5. Just did a bit of reseach - motor was originally a 4.5 litre Oldsmobile engine but was not competitive in the field with other cars powered by a Chev 6.0 litre engine. Bruce upgraded to a 5.4 litre Chev engine.. The cast iron Chev motor weighed 200 lbs more than the alloy Olds motor, but produced 100 hp more. The 5.4 Chev block was eventually was upgraded to 6.2 litres. It produced 550 hp. I can only imagine the exhilaration of such a powerful motor in such a small full bodied car. Bruce came in 2nd in the 1966 Can-Am series behind John Surtees You have done Bruce very proud with your model replication of his car. The color scheme was changed to blue in a later series for these cars... hence why your body was blue. frats, Rosco
  6. Really nice work, Chris.... you must be happy with that? Can you tell me what the little box on the left side panel in front of the wheel arch was for?.. I have no idea. There is an access panel on the right hand side at almost the same place, but it looks like it is bolted on. I don't know what engine this car had, but note the two exhausts. The wheels are absolutely spot on - and I love what you have done with the driver. right down to shaded goggles Great work, frats, Rosco
  7. wind blows from the west, Bram... wind full on into filling the sails..... be different if you'd been sending stuff back this side of the ditch (sic). frats, Rosco
  8. Waiting I can put up with, John... it's the uncertainty of "if" it will get here.... and like your UK package, this one is expensive too.... frats, Rosco
  9. I have built two Cooper chassis on a jeweler's tile - they came out really well. Only concern with them was that some of the ceramic broke away on the edges of the holes. They are solder and heat proof.... but brittle. I am waiting for a Precision board and a few extras to arrive from Michigan... may be a month or more yet... the wind must be blowing in the wrong direction - I think the slow boat is coming the long way around... I did go for the 1/32 metric board, as Chris W suggests... I will hold off on making a start on my two Torana chassis builds until it arrives. Wheels done, doing body work now... frats, Rosco
  10. Looks great Vinno - nice work with Larry - I'm sure he won't mind you catching him with his crash test dummy glasses on.... Wheels are out of my league... they look amazing. How did you do the decals.. ummmmm how did you make them/purchase them/whatever... Looks like a great day for a race... hope it doesn't rain... (sic). frats, Rosco
  11. I placed an order for a scratchbuiilders jig from Michigan... it was picked up pretty pronto by USPost..... I have been tracking it... went well, until it got to the international dispatch area... and it's been stuck "in transit" since arriving there on 20 May.... may be here by Christmas.... this year.... frats, Rosco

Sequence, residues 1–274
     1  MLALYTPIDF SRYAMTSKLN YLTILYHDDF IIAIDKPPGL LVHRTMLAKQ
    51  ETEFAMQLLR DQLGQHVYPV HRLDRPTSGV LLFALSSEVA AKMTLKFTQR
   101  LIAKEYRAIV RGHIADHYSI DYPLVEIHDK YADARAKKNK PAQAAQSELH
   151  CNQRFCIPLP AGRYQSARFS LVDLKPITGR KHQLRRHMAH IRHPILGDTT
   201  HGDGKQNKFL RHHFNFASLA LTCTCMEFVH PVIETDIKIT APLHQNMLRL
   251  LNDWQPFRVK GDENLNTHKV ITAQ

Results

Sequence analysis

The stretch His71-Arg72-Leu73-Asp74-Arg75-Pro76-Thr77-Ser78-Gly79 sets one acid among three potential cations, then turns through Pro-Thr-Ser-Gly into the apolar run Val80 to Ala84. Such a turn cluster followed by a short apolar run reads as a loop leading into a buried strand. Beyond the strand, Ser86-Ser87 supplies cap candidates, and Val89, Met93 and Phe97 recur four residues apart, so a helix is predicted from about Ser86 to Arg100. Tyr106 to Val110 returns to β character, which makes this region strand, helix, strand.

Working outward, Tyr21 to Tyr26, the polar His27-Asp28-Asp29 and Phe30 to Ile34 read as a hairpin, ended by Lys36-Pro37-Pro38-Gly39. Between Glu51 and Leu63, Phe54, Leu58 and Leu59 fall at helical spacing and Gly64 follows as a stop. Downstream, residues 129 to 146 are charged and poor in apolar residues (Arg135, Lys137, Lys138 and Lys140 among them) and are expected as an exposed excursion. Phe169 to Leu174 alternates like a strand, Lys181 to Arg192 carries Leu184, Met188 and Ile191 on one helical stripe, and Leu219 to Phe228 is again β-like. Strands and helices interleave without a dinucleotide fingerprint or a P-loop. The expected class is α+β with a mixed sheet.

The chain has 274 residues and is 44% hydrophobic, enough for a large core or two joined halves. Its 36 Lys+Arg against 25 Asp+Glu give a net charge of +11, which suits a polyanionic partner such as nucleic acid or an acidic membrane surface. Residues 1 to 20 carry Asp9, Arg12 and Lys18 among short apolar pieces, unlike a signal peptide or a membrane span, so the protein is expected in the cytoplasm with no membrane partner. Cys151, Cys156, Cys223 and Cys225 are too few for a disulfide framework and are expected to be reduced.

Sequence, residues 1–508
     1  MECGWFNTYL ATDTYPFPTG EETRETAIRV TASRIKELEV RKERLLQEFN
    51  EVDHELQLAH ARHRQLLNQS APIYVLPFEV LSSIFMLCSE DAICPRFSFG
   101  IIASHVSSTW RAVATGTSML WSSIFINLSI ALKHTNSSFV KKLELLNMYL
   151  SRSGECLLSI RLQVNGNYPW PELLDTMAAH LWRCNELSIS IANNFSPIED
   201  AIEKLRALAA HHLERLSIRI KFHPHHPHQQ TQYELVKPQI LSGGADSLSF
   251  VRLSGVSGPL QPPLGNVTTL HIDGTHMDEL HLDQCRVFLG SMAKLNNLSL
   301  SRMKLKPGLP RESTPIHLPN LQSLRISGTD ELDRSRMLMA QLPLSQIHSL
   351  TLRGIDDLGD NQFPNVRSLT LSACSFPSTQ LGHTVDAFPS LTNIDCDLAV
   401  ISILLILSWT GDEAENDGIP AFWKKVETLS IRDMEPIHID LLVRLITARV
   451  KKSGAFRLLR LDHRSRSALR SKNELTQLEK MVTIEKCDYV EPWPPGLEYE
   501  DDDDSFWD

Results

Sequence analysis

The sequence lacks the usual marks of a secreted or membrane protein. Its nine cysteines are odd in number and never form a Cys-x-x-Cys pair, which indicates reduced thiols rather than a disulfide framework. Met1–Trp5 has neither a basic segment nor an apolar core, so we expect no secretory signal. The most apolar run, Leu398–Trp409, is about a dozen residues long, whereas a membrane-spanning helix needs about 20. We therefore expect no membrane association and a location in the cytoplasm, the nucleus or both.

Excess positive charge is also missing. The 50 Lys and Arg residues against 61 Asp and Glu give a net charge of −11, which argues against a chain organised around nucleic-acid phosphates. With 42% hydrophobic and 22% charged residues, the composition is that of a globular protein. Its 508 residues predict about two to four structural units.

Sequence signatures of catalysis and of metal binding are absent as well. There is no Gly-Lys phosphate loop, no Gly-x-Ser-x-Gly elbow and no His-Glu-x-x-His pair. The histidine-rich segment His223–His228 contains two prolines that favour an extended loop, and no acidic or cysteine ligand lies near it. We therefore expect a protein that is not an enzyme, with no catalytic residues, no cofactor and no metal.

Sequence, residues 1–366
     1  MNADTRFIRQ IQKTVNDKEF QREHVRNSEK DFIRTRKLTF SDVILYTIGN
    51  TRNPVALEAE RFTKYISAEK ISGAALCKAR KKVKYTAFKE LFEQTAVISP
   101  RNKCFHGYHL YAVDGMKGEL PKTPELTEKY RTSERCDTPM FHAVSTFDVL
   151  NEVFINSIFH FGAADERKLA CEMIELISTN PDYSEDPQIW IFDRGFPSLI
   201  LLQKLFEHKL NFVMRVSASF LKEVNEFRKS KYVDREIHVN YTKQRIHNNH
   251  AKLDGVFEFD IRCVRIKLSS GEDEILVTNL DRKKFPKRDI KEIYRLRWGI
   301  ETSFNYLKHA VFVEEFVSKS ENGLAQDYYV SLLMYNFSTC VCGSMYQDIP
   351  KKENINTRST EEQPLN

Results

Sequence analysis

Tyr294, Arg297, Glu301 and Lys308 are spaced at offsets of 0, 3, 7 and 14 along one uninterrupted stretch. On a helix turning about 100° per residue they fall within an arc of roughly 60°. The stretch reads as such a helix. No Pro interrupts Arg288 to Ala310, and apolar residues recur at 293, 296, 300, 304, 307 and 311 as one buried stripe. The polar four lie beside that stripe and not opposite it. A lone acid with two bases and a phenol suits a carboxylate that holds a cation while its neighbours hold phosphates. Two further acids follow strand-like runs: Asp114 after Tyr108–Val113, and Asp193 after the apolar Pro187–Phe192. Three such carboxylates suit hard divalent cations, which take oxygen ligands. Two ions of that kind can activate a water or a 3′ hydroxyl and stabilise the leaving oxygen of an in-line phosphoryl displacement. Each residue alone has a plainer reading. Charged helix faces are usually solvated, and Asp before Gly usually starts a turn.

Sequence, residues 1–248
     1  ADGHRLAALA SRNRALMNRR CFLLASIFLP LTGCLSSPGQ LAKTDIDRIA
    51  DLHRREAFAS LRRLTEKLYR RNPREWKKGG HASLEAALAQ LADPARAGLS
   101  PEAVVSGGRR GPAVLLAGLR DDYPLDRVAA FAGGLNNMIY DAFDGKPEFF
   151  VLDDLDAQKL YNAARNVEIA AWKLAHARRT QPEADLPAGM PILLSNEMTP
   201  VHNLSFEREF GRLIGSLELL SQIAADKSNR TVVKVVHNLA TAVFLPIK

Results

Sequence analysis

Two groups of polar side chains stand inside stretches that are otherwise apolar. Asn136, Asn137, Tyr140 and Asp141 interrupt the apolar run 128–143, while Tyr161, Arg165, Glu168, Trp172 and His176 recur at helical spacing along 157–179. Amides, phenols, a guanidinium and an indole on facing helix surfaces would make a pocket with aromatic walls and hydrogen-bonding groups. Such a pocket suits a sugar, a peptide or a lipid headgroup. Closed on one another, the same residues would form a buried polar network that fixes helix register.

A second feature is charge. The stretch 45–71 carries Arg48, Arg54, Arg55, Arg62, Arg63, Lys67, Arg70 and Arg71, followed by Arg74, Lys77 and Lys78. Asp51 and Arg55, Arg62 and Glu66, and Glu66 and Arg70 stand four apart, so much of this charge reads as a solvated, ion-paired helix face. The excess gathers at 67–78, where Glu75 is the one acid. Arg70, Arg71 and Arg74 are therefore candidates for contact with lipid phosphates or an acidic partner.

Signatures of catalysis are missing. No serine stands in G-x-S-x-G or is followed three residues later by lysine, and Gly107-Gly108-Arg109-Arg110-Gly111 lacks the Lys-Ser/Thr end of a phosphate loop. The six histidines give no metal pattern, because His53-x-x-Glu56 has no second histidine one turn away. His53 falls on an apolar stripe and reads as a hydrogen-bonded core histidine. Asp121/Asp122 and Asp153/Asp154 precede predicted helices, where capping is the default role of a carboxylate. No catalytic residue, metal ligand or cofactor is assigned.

12. Hi folk, another day, more done... I marked up, drilled and tapped two M4 threads into the base of the lower jig... so that screws could be wound in to press out the upper half with the brass frame "squashed" to shape.... I had a lot of trouble doing this last night with frame #1... this upgrade has made work a lot easier...... Ok, we have shortened the "revision 1" frame by 3.5 mm..... here it is after being marked out and drilled accurately using the Mill. You can see the motor shaft and bush plus the two axle bushes look a lot better than the first attempt. I spent a bit of time in the Suttons drill catalogue and found two drill bits which "almost" perfectly suit the motor bush and another one for the axle bushes.... if anyone is following this.. the motor bush drill bit is 6.2 mm and is a "stock" item for a rivet gun..... the axle bush one is not, but Suttons do make a bright steel one in 4.8 mm and a black bit in 4.9... I took two of the 4.8 and the bushes fit it with just enough clearance so that they can be fitted up with the axle in them and soldered into position... I wouldn't want them to be any closer a fit... they would then be a press fit and adjustment would be zilch. Here are the holes drilled without filing with the motor and axle bushes in position... Ok, we have pressed out frame to shape, twice - as before... and removed it from the jig... now we test to see how the reduction in length results.. and I am pretty happy with this. In the pic below, you can see there is very little clearance left from the crown to one of the motor mount screws... this red Slot It crown is the largest in a set of 5.. I'll probably play around with all five to determine which of them best suits the Flat 6 motor.. I have two different pinions to play with as well..... it will be fun to determine how the model best runs on differing ratios. I am now firmly of the belief that the length of this frame will now be my "go to" for future Flat 6 powered models.... I will detail specs a bit later in this post if anyone would like to squirrel them away for future reference..... never say never.. you never know... And here we have the green crown fitted.. the smallest of them. Note that the end of the motor shaft sits exactly in the same position in each of the differing crown hubs.... it is "just" inside the slot by the thickness of the shaft... As Chris W has suggested, I won't be using this slot for my axle position.. but to shim each side of the crown between the axle bushes on each side. In this pic, you can see the two revised frames... and the original.... the revised have been shortened 3.5 mm. And just to polish of tonight's edition... I gave one of the revised a bit of a scrub up... no point in going too far with it yet... it has to be soldered to the top of the chassis rails... whenever I get this scratchbuilder's jig and can finally sit down to work out the chassis layout.. Ok..... scribble this down if you want the dimensions I have now "inked" in.... Material - K&H 1.0 mm x 12.0 mm brass strip - #9844... 3 pcs. Length of frame plate...... 48.0 mm - centred at 24.0 mm Motor bush hole - centre, lateral and vertical - size - 6.2 mm (Suttons drill bit). Motor mount holes - 12.50 mm apart... 6.25 mm from centre line - M2 clearance holes.... 2 mm drill bit Flat 6 mount face plate - 20.5 mm - folds @ 10. 25 mm each side of centre line. Axle bush holes - 20.25 mm from centre line..... 4.8 mm holes - Suttons drill bit - bush clearance fit Happy to answer any further questions (relating to this post, for those with wit)... frats, Rosco